This bridge is quite the unusual find, because it is a small open-spandrel arch bridge. Open-spandrel concrete arch bridges are not uncommon, but they are generally large, multi-span structures often located in urban settings. This small, rural 50 foot structure is quite odd, and is an example of the experimentation that went on in the early 20th century as engineers investigated the uses of re-enforced concrete as a bridge-building material. As such, even the Pennsylvania Historic Bridge Inventory recognized the bridge as significant. It is unfortunate to note that the original railings were lost, which is a serious detriment to the aesthetic qualities of the bridge. A restoration project could replaced those railings with replicas of the original railings, however.
Information and Findings From Pennsylvania's Historic Bridge Inventory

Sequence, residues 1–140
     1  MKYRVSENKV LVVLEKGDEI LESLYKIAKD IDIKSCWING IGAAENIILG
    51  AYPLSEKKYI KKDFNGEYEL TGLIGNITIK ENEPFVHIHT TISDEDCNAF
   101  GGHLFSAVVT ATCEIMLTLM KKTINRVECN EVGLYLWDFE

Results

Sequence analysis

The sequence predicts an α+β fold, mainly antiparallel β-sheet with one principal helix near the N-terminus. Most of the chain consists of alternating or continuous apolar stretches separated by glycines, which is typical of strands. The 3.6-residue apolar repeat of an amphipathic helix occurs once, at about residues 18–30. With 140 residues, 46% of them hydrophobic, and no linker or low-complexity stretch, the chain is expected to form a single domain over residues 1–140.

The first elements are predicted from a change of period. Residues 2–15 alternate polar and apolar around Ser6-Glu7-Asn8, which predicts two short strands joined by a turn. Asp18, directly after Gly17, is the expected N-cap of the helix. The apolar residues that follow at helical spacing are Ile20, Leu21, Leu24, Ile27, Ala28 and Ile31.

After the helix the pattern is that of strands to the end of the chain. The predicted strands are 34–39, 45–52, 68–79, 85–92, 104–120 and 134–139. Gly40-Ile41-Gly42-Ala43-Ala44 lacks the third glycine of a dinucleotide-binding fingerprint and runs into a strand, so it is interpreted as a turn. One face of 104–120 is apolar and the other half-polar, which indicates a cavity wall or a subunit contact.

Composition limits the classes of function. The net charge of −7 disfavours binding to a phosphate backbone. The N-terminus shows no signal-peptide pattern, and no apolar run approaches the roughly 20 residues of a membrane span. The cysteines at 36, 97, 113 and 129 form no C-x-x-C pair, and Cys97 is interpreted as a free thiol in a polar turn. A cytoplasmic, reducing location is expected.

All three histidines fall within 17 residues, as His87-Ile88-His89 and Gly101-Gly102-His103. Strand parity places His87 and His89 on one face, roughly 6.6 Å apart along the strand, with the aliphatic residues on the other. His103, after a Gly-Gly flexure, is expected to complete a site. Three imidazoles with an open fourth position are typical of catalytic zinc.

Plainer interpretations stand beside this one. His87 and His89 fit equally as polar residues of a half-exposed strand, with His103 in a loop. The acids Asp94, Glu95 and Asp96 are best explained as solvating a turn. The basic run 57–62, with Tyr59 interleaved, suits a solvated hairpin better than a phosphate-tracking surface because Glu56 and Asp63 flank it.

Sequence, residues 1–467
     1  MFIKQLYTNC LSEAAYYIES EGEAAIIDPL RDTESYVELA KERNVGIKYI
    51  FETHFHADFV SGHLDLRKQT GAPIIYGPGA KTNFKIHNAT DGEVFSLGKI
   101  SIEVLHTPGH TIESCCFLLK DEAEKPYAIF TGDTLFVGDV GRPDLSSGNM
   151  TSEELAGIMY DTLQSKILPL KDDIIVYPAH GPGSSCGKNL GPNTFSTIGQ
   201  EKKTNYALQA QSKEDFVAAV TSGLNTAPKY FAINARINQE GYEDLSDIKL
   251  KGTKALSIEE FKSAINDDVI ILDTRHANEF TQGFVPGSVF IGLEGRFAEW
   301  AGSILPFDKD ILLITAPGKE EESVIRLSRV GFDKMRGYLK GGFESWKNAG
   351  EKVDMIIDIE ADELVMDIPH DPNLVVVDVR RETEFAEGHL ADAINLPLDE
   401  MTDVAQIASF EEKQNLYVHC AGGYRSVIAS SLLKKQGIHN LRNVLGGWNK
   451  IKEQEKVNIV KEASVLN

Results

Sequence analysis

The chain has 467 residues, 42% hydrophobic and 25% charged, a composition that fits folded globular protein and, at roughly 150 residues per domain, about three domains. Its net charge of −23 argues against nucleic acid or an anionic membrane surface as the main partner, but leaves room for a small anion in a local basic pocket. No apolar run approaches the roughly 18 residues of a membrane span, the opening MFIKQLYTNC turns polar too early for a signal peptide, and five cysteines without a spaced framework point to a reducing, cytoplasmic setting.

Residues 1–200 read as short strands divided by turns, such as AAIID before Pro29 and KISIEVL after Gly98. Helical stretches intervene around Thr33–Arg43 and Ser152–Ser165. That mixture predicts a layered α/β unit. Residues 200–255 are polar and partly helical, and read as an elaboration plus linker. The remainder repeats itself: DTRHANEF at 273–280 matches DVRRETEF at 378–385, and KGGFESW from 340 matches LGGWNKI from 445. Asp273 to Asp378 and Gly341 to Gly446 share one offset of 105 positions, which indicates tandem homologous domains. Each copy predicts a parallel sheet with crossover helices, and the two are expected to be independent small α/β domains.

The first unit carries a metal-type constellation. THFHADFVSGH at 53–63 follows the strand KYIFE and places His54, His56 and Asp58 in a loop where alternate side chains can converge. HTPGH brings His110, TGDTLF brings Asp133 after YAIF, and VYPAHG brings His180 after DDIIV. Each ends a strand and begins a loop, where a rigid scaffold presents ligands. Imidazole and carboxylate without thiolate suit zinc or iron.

Discussion of Bridge
The single span, 50'-long, ribbed open spandrel reinforced concrete deck arch bridge dates stylistically to ca. 1910. It has plain spandrel columns. The concrete deck and beam guiderail railings date to ca. 1985. The bridge is technologically and historically significant representing the experimentation associated with the early days of reinforced concrete bridge technologies. It represents economy of both concrete and reinforcing steel for a short span.
Discussion of Surrounding Area
The bridge carries 1 lane of a township road over a stream in a wooded area of active farms. The south approach is sharply curved. The area may be a potential rural historic district.
Bridge Considered Historic By Survey: Yes
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